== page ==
Date of Completion

Spring 5-1-2013

Thesis Advisor(s)

Peter Burkhard

Honors Major

Structural Biology/Biophysics


Biological and Chemical Physics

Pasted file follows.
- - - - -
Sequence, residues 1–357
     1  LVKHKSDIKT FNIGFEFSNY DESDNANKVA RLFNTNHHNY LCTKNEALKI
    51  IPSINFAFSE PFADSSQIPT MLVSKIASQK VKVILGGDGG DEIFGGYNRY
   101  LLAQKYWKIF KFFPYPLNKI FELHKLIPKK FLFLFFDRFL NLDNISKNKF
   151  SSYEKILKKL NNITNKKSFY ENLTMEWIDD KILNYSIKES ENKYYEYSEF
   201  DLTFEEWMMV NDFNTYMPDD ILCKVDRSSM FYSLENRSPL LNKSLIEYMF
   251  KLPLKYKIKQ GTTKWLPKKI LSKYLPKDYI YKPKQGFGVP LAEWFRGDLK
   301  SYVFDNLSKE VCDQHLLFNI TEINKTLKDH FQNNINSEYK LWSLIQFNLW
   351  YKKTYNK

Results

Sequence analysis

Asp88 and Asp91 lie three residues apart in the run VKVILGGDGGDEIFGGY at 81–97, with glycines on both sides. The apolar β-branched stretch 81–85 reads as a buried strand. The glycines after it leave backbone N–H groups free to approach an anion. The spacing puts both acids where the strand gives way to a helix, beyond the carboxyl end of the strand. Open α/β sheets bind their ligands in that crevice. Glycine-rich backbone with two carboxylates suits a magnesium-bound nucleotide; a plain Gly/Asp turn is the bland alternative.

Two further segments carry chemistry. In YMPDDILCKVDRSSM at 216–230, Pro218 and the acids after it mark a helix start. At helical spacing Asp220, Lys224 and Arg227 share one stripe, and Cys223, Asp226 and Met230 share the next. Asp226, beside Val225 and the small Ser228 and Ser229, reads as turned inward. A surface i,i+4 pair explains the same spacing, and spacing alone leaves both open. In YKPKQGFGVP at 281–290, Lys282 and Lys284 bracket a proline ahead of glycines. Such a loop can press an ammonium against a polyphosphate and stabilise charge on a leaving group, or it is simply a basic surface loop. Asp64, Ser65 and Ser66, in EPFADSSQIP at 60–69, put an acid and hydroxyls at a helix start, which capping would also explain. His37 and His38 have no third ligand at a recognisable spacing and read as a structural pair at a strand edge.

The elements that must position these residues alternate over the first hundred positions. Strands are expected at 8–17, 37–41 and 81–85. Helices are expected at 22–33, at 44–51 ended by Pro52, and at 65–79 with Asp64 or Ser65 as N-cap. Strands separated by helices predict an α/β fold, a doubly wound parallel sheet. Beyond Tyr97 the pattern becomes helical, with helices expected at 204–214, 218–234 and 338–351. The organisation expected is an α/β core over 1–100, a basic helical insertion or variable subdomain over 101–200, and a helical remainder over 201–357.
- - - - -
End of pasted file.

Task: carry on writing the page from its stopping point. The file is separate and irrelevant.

Malaria is an infectious disease that affects several million individuals worldwide and is a significant international public health issue. While there is currently a malaria vaccine in phase III clinical trials, recent results demonstrate that it is only about 35% effective in reducing the incidence of the disease. The use of self-assembling protein nanoparticles (SAPNs) that display epitopes of the repeat sequence of the circumsporozoite protein of Plasmodium falciparum, the parasite that causes malaria, has been shown to elicit a strong immune response. This prototype has potential for further improvement by altering the epitope regions of the nanoparticles to be more compatible with humans and by modifying the nanoparticle backbone to be more soluble and compact. It was predicted and demonstrated, through dynamic light scattering and transmission electron microscopy imaging, that these slight changes to the nanoparticle construct could result in increased stability and immunogenicity for this promising malaria vaccine.